Melbourne: Serial discard Phillip Hughes is Australia's best young batsman and just needs a bit of "love and stability" to blossom at test level, said former captain Ricky Ponting.
The 24-year-old scored an unbeaten 81 in the first innings of the Ashes opening test in England but was dropped for the rest of the series after failing in his next three turns at the crease.
The demotion was his third from three Ashes series, having struggled against England seamers in 2009 and at home in 2010-11.
"He is clearly our best young batsman in the country," Ponting told Australian Associated Press of Hughes, who cut his teeth as an opener but was punted down the order during the Ashes.
"The guy knows how to bat. He knows how to score runs. And he's just the sort of character that you love to have around your team.
"He would be somebody that I would give a spot in the order and let him go about making that his own ... if you give him a bit of love and a bit of stability around his game, I'm sure he'll come good."
Ponting retired from international cricket in a series-deciding loss against South Africa a year ago and has since watched Michael Clarke's side suffer a 4-0 trouncing away to India before a 3-0 capitulation in the Ashes series.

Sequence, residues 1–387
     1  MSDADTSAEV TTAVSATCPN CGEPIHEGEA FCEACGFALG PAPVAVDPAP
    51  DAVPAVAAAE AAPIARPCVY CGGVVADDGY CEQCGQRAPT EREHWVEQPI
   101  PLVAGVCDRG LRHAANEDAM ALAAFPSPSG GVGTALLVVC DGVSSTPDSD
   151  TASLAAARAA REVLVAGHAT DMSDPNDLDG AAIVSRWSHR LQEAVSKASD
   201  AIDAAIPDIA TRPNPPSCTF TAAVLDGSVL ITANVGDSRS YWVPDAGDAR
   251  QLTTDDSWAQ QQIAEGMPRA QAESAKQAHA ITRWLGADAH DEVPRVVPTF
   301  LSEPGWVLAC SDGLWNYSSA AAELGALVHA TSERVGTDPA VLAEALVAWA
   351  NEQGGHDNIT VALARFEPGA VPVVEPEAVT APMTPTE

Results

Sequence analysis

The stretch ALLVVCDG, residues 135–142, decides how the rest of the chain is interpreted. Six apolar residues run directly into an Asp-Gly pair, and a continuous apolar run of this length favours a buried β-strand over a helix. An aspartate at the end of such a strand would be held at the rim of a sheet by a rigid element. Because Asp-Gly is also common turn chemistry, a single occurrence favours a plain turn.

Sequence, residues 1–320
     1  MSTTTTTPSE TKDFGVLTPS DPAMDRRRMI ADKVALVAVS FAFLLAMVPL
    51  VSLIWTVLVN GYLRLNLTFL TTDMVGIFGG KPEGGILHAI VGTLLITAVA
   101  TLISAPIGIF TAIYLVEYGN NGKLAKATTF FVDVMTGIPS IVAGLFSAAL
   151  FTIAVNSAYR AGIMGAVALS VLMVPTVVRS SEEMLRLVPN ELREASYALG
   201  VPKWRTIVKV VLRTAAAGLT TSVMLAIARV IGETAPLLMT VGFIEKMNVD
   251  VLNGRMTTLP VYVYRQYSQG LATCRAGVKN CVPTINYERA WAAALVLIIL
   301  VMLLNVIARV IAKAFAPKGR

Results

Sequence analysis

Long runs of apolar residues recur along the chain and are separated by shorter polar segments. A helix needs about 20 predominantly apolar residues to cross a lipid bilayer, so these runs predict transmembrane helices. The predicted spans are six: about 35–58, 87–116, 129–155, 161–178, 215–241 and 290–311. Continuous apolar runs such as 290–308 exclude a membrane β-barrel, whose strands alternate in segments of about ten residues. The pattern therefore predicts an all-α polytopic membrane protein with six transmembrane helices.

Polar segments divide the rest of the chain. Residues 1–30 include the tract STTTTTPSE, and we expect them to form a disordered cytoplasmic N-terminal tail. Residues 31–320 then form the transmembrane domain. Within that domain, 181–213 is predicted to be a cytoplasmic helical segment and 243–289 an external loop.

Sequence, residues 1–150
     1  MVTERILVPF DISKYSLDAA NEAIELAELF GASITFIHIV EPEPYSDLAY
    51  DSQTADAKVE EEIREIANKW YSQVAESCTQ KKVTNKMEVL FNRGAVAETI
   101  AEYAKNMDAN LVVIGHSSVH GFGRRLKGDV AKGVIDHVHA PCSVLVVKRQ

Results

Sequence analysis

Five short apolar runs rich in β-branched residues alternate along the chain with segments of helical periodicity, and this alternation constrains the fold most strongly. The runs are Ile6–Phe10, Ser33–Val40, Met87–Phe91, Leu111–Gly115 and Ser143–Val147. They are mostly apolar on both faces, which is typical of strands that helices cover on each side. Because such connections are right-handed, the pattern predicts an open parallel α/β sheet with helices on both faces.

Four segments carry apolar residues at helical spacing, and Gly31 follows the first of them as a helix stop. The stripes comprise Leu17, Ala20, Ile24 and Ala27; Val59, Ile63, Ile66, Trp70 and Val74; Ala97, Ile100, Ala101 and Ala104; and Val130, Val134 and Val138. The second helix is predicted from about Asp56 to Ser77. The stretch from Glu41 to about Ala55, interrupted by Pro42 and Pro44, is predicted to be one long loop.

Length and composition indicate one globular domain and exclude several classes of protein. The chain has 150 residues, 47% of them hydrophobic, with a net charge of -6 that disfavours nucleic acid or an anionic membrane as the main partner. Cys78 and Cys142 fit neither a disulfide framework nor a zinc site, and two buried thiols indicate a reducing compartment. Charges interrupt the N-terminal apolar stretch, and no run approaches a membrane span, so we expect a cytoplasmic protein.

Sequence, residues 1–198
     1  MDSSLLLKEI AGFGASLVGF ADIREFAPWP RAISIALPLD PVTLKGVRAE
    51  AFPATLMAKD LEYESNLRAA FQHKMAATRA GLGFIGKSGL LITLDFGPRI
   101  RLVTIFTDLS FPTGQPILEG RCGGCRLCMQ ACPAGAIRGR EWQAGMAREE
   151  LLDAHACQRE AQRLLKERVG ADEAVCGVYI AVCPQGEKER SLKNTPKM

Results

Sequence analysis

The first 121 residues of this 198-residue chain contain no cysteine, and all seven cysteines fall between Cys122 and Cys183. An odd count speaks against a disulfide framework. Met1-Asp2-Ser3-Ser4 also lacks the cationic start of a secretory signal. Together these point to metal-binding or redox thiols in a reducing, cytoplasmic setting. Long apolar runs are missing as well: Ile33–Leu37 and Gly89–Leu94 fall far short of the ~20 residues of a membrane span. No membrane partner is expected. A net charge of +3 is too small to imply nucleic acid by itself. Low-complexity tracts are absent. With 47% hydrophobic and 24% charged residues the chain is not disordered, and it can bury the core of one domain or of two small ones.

The blame for Australia's slide has largely been heaped on their struggling batsmen, and the jury remains out as to the make-up of the country's top six batters less than a month before the return Ashes series starts in Brisbane.
The hot-headed David Warner, who was exiled from Australia's Ashes campaign for the first two tests for punching England batsman Joe Root at a bar in the leadup, has belted consecutive tons in recent days in the domestic one-day tournament to put his hand up for selection.
Warner remains a polarising figure in Australia, where he has been in hot water for skipping club cricket duties and for engaging in profanity-laden rants against local journalists on Twitter.
Ponting, however, went in to bat for Warner and said he would have learned from his transgressions.
"To me, some of the things that have happened have just been almost tell-tale signs of someone just under extreme pressure," said the Tasmanian.
"The thing about Davey, he hasn't had a break from any cricket for about two years ... and it's such a high-pressurised environment, you need to be able to get away and let a bit of steam off here and there.
"Whenever he has tried to do that, he has got himself in a little bit of trouble.
"He would have learnt from that and it will make him a better person and hopefully a better cricketer."
(Writing by Ian Ransom; Editing by Peter Rutherford)